Learning to fly fish may seem like a daunting task, and at the start, you may find yourself catching more trees than fish. However, if you stick with it, you will become an artist, mastering many different fly casts from the Standard cast to the tuck cast.
Before learning any type of fly fishing cast, the angler must first learn some main principles of fly fishing.
The way you hold a fly rod is one of the most important aspects of whether your cast will be successful or not.
To hold a fly rod properly, grip it as if you were to hold a hammer. Now place your thumb along the back of the handle, aiming up towards the tip of the rod.
You will find that your thumb placement plays a very important part in casting; wherever your thumb points is where the line will land.
Your index finger controls the fly line when you are retrieving. Use your index finger to press the line against the rod, like squeezing a trigger, when you want to stop the line from coming out.
There are three basic stances for fly fishing, which you choose will come down to where your fishing and personal preference.
The open stance is probably the most common stance you will see used. It offers the greatest flexibility and the widest range of view.
With the open stance, your feet are 90 degrees to that of the casting direction. By positioning yourself this way, you can get a great view of your backcast, and is extremely useful for long casts or if you are trying to keep between trees.
The squared stance is best used for beginners. The reason for this is to prevent too much body movement and focus primarily on your arm movement. This allows the beginner angler to cast straight and create good casting movements.
The squared stance also allows advanced anglers to achieve high accuracy.
The closed stance is great for generating power. The angler stands facing forward in the direction of the cast. The foot of the casting side is placed slightly forward. Many anglers will use this cast if faced with a stiff head-or tail-wind.
Wrist or Forearm
There’s plenty of debate in fishing, and how you cast a fly is one of them. You will hear some anglers say it’s all in the wrist while others will tell you just to use your forearm.
Both are correct, and none is better than the other. What I recommend is to do whichever feels more comfortable.
If you’re out by the lake or river and see someone sending their line back and forward in the air repeatedly, this is known as false casting.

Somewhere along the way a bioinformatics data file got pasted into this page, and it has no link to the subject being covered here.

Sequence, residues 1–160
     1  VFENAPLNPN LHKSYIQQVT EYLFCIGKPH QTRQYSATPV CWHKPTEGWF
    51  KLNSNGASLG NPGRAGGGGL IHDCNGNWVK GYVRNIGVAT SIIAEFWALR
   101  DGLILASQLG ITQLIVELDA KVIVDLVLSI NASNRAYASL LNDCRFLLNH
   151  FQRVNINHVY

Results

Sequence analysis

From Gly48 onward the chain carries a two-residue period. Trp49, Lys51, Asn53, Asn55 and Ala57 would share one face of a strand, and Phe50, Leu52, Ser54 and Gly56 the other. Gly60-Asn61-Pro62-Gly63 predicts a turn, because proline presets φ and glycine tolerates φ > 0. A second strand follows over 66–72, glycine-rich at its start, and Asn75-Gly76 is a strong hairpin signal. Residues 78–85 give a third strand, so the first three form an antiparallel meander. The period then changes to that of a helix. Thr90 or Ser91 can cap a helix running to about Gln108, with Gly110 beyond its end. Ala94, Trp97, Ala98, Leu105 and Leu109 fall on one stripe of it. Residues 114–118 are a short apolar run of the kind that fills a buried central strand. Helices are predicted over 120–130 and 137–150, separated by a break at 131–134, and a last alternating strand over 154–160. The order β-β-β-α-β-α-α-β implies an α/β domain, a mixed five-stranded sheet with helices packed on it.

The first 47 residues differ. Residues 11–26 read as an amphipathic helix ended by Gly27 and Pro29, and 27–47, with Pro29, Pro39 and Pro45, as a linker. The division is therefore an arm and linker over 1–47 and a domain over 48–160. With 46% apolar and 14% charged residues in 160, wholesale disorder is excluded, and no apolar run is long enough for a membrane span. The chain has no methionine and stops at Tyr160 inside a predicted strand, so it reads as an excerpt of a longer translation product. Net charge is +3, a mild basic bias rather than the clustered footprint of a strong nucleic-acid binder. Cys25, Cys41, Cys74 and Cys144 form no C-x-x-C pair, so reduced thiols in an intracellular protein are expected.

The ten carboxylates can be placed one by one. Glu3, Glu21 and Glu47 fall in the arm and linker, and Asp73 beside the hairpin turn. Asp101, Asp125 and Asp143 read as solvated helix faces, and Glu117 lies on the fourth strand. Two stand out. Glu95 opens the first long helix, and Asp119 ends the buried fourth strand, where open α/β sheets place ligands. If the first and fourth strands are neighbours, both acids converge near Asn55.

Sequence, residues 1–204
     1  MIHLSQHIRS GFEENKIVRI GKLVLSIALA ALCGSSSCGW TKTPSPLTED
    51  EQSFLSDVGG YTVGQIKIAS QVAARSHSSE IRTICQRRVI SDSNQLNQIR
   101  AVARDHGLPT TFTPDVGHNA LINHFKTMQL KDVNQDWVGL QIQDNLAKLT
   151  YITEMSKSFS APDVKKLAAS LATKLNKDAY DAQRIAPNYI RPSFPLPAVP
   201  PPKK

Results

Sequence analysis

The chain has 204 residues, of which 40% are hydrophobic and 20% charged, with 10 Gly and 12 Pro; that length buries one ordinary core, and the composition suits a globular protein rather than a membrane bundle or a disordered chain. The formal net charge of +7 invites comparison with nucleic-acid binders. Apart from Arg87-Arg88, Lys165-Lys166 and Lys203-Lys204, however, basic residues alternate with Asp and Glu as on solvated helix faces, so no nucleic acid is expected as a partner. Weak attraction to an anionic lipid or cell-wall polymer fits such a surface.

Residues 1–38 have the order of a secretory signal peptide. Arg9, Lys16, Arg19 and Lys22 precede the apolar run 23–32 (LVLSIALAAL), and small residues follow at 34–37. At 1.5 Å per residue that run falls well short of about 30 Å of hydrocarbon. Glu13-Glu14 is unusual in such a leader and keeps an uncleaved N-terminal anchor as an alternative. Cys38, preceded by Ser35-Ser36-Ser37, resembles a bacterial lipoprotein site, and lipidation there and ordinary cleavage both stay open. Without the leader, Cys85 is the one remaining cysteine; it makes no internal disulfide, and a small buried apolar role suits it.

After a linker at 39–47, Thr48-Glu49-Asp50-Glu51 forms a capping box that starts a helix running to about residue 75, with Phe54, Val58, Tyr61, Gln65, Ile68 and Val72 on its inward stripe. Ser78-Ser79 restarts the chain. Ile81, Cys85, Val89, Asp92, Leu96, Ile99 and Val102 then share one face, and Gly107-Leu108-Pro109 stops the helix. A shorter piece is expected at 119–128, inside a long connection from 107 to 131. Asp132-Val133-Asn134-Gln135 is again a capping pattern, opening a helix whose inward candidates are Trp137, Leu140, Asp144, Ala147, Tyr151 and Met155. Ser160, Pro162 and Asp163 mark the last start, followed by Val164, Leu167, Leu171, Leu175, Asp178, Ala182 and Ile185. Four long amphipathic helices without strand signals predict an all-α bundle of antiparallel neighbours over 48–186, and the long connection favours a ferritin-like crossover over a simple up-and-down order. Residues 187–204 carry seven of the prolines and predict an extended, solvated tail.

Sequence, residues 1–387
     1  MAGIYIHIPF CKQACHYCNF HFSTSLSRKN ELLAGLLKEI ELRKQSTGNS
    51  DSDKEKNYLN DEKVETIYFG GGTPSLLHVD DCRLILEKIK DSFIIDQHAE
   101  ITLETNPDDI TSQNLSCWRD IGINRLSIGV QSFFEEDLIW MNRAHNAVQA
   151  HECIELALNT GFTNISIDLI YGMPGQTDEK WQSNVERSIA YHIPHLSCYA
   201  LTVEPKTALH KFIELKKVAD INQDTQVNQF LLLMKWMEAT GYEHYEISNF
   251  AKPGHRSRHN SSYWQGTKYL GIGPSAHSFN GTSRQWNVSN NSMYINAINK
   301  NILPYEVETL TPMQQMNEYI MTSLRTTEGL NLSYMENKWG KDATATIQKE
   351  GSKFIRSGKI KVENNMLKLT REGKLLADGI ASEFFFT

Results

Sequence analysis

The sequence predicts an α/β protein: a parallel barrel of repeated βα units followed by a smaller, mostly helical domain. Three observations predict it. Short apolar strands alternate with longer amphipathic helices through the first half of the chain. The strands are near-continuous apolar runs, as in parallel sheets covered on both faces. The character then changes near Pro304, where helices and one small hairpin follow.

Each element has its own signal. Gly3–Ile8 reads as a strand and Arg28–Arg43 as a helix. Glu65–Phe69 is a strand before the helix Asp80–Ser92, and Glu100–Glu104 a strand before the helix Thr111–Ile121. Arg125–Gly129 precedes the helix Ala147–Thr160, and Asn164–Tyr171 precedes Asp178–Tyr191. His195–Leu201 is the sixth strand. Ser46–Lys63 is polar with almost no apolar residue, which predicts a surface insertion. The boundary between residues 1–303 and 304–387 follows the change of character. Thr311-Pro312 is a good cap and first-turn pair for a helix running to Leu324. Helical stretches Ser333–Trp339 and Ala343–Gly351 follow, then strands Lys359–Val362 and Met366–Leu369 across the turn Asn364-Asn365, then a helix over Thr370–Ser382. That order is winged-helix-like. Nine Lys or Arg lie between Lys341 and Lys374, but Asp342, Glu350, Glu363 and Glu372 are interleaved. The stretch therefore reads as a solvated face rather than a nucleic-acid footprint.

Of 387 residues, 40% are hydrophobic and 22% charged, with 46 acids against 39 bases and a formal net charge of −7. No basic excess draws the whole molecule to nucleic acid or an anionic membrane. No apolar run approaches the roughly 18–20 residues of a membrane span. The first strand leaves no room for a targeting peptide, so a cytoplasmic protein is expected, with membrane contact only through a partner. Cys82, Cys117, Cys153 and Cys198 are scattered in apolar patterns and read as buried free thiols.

False casting is used to lengthen or shorten the line; it can also be used to change direction or dry a fly.
To execute a false cast, you keep the line moving back and forward without allowing it to touch the water or the ground.
Types of fly casts
The standard cast is the first cast you will learn in fly fishing. It is also known as the overhead cast and can be used for everything, from dry flies and nymphs to streamers.
The standard cast will satisfy 90 percent of your casting needs.
An overhead cast has three parts to it.
- The Pickup: The pickup is when you lift the line from the water.
- The backcast: The back cast is sending the line behind you by vertical and backwards swing of the rod
- The forward cast: The forward cast is a powerful forward movement of the fly rod to shoot out the line
Most people think the double haul is primarily a saltwater cast. In my opinion, they couldn’t be more wrong.
The double haul is a superb cast to introduce to your trout fishing; it can help deal with windy conditions, increase your line speed and accuracy.
Double hall steps:
- Start your standard fly cast as normal.
- When moving into your wrist bend on your back cast, tug sharply on the line with your opposite hand. At the stop, allow the line to feed back through.
- As you move into your forward cast, you use the same sharp tug as you bend your wrist forward, and the same feed as the rod reaches a stop.
Technically this one isn’t a cast but an aerial mend. The reach cast is probably better referred to as the reach mend.
Fishing in currents or streams presents an obvious problem for many fly anglers, leaving them to mend far too frequently.
This becomes a rather large problem in calm or clear water where fish are easily spooked.
The reach mend is the solution to this problem.